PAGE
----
Website Development Ethics
With reference to The Source's article about the R6500000 website
I want to add my view on the subject of website pricing.
Website development, as far as I know, is not a regulated industry at all. What you need to do to make money is make a website and then market that ability. Fair enough. The question is how much do you charge?
Let us consider the components of a website price. Firstly you need to register the domain name. That should not cost you more than R100. Along with the domain name goes the hosting space and this should not be more than R200 a month, at the most, leaving us with a total cost of R4900 for two years. Next you have the actual design of the website. This can be broken down into graphic design, website design and then the optional website development. A graphic designer can do both the graphic elements of the website along with the website design. This can be very cheap or very costly, but let us put a price of R20000 for the once of design of the website. Your website now sits there and may not do what you want it to do, so you put in web development. For a complex website, it should not take a full-time developer more than a month or two to implement all the client's wishes. Let us say a developer charges R300 per hour for 20 working days boils down to R48000 This off course differs with each website, but for the website mentioned in The Source's article, no web development was need. So at the most, our website tall now stands on R68000. In relation to that website, 100 times less.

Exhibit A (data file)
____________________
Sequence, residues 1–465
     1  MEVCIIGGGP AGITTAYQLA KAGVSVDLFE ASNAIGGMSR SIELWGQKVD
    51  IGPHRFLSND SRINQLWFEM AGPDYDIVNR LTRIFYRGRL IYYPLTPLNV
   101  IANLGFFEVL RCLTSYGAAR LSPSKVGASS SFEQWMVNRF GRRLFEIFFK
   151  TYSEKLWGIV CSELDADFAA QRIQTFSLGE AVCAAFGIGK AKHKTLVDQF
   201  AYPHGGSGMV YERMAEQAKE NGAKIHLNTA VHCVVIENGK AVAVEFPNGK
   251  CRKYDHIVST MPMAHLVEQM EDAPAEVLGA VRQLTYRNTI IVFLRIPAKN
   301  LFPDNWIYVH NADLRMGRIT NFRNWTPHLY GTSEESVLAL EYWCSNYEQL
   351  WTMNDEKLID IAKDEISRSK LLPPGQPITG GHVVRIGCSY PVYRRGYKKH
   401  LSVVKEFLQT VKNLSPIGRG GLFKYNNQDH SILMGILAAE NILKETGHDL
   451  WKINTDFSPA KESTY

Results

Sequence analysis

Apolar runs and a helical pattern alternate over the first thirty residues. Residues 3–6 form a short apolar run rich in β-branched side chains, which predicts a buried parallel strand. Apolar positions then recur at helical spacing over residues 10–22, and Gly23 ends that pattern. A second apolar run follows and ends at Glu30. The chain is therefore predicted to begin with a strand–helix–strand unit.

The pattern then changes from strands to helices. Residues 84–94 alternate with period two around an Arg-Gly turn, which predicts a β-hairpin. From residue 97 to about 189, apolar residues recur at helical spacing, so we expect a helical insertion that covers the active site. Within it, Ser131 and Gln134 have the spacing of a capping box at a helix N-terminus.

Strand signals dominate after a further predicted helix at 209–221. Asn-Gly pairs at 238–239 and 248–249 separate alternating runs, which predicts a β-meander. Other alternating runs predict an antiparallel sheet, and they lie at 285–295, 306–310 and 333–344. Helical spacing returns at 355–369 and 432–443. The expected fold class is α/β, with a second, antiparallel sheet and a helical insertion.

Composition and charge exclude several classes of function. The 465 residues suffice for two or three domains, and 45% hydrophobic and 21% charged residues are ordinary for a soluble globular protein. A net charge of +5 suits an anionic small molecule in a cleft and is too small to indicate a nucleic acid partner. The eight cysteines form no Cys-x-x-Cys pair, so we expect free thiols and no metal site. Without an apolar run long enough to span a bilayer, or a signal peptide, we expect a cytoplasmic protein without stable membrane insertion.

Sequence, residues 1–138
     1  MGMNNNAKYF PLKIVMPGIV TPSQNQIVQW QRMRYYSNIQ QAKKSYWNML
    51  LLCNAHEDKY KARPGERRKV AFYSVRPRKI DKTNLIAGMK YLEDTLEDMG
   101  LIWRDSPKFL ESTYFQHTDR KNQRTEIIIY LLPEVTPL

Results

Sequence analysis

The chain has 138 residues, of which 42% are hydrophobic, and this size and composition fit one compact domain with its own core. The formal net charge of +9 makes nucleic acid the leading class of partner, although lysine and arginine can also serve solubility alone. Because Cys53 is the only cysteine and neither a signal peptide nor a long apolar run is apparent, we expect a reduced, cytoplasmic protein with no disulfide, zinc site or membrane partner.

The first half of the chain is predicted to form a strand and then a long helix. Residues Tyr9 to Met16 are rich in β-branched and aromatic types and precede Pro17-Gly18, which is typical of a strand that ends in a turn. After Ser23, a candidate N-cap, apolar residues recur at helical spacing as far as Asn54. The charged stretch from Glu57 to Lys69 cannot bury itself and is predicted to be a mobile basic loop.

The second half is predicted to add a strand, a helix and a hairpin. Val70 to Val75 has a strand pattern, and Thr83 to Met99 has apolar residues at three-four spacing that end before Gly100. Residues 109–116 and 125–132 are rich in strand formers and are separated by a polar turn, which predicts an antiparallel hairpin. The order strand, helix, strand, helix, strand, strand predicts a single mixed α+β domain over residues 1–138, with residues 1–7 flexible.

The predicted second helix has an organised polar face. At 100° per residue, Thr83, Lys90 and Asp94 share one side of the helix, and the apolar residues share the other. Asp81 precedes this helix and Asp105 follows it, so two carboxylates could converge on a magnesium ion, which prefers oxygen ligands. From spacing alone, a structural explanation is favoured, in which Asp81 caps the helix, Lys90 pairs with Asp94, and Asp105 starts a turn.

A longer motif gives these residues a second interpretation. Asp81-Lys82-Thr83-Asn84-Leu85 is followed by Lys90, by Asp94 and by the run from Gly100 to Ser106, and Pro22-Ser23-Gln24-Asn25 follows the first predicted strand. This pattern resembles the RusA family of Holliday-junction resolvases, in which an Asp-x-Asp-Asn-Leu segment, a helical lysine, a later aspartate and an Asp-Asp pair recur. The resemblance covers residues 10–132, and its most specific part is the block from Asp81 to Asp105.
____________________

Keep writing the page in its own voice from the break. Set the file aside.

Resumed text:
A company that charges over six million for one website should raise a lot of warning bells concerning ethics. As mentioned in the previous paragraph, the components of the price should not exceed R68000. This may be the cost price of the website. Is it then ethical to have a ten thousand percent margin on the website? I would not mind creating one website for that amount. To be honest, I would retire comfortably after the contract concludes.
Websites forms part of intellectual property and this makes it a bit more difficult to price effectively. Other professions that also charge on this count may include lawyers, advocates and other consultants. One can argue experience, quality and a whole range of other criteria in the price, but at the end of the day it is not good for the image of the industry. The perception is now created that websites are expensive and less expensive websites would maybe be considered inferior.
Professional in Information Technology should start thinking about the impact of their products in the market. We live in a democratic captilistic society, but should that mean ridiculous pricing? I think not.